As to the respondent's perceived legal problems, the provisional award fee payment requirement falls within the award fee provisions of the contract, including the requirements in the FAR. FAR 16.405-2(a) states “* * * The amount of the award fee to be paid is determined by the Government's judgmental evaluation of the contractor's performance in terms of the criteria stated in the contract. This determination and the methodology for determining the award fee are unilateral decisions made solely at the discretion of the Government.” Although the determinations are unilateral, the United States Court of Appeals in Burnside-Ott Aviation Training Center v. Dalton, Secretary of the Navy, 107F.3d 854 (Fed. Cir. 1997), held that disputes concerning the amount of the award fee are subject to the Contract Disputes Act. The Court also held that award fee determinations could continue to be committed to the discretion of contracting officers under the terms of the contract and would be upheld as long as they were not arbitrary or capricious. Therefore, the rule cannot state that provisional award fee payments are or are not disputable, since that determination may depend on other factors.
This rule does not impose any significant additional risk of litigation. For periods subsequent to the initial evaluation period, the payments are based on the evaluation for the prior period. Thus, provided the prior evaluations are not arbitrary and capricious, there would be little, if any, basis for determining the provisional award fee payments to be arbitrary and capricious.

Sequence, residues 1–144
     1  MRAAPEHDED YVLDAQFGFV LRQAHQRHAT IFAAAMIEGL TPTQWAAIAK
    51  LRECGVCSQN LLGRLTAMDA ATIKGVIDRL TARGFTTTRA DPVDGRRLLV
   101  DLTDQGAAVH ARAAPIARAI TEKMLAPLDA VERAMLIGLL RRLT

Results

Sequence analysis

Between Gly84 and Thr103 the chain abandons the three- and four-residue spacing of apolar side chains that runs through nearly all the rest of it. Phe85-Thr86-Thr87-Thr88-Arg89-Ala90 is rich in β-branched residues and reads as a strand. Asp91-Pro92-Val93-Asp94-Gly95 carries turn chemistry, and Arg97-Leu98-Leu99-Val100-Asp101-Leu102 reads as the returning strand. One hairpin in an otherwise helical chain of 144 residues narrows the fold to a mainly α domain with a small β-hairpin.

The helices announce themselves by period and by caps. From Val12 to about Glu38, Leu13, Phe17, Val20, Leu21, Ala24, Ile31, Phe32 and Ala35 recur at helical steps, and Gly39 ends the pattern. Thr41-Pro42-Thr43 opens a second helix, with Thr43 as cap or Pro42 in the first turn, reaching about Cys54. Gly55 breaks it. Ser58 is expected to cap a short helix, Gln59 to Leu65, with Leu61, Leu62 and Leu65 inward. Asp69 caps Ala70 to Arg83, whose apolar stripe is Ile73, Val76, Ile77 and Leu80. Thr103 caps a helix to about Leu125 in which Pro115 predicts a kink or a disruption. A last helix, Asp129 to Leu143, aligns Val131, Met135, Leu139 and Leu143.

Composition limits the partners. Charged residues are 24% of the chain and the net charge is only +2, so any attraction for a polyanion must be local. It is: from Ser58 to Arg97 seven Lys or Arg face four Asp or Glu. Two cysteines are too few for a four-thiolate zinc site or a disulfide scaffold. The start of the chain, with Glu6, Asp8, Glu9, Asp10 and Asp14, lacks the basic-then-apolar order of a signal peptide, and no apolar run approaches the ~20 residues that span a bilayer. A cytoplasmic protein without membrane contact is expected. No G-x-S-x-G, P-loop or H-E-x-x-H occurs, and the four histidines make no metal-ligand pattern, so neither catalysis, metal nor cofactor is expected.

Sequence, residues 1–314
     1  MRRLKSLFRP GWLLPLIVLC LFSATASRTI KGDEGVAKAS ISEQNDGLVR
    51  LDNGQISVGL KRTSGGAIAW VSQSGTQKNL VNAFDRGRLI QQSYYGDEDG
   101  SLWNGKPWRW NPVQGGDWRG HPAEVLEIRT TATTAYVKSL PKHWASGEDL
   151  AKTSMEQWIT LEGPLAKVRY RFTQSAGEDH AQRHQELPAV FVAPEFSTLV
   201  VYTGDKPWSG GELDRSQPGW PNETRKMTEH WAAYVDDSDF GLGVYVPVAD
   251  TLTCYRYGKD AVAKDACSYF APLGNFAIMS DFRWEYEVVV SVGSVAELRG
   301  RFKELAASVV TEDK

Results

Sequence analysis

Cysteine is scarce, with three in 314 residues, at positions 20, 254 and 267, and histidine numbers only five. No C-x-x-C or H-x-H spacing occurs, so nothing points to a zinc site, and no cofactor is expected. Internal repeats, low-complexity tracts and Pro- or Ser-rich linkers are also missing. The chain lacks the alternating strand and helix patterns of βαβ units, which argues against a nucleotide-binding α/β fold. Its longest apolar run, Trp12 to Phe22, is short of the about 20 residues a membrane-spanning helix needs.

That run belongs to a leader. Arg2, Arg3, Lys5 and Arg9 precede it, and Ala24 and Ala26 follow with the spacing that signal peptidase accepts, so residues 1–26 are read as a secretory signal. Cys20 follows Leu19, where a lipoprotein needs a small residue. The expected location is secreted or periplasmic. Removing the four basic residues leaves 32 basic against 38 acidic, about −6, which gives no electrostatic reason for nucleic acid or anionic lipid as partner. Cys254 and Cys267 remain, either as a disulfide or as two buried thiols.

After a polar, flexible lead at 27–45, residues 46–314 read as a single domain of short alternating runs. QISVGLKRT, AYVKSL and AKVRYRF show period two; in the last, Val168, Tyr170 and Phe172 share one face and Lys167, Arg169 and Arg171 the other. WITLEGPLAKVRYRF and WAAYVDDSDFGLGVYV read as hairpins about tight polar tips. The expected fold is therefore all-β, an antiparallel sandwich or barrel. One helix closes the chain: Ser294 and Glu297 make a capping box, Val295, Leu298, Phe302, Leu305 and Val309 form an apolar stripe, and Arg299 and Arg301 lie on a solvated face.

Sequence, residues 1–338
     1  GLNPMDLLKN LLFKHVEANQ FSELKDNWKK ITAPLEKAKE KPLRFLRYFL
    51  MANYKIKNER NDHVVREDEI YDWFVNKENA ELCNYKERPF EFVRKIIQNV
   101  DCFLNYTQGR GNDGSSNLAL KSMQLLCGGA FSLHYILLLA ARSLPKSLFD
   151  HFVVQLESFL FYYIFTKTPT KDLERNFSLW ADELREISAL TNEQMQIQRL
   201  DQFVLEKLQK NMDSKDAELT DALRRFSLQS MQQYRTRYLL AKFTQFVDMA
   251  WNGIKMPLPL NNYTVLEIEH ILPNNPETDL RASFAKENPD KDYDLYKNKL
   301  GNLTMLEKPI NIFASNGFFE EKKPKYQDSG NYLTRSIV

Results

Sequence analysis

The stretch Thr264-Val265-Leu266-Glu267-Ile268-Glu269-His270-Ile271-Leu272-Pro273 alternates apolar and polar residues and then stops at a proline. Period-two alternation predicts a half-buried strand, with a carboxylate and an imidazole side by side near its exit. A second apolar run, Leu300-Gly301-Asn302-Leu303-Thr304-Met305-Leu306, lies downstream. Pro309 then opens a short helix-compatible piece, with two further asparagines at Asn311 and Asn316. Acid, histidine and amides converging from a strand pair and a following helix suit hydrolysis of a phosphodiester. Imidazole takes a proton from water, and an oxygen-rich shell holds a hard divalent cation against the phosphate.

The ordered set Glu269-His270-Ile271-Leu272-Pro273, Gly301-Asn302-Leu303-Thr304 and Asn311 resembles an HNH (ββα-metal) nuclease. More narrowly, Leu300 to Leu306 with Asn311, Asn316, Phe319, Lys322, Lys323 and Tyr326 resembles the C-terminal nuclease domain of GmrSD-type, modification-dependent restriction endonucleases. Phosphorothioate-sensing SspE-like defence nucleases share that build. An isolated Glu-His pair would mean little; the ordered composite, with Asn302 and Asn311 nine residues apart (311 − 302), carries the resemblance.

However, should a dispute arise, such dispute would not alter or hinder ongoing contract performance. Paragraph (i) of the clause at FAR 52.233-1, Disputes, states “The Contractor shall proceed diligently with performance of this contract, pending final resolution of any request for relief, claim, appeal, or action arising under the contract, and comply with any decision of the Contracting Officer.”
9. Comment. There is a need for an initial assessment of contractor performance by the fee determining official before the contracting officer pays any provisional award fees. This initial assessment can be done during the first interim evaluation. In return (for the initial wait), recommend up to 80% (vice proposed 50%) be awarded. In addition, also recommend that provisional award fee payments apply to fixed-price contracts with award fees.
DoD Response: Do not concur. The role of the fee determining official in the provisional award fee payment process should be determined by the DoD department or agency based on the particular contracting environment. Accordingly, there is no standard guidance on the role of the fee determining official or even a standard award fee clause used throughout DoD. Buying activities may provide implementing guidance to the extent they deem it necessary to provide additional information regarding the role of the fee determining official in the payment of provisional award fees.
Since the contractor's “track record” of performance on the contract will be limited for the initial award fee evaluation, it may be difficult to conclude that the contractor's performance for the initial contract period reflects a reasonable expectation of the performance for subsequent periods. Thus, it would not be prudent to build a higher limitation (i.e., 80 percent) for the initial period.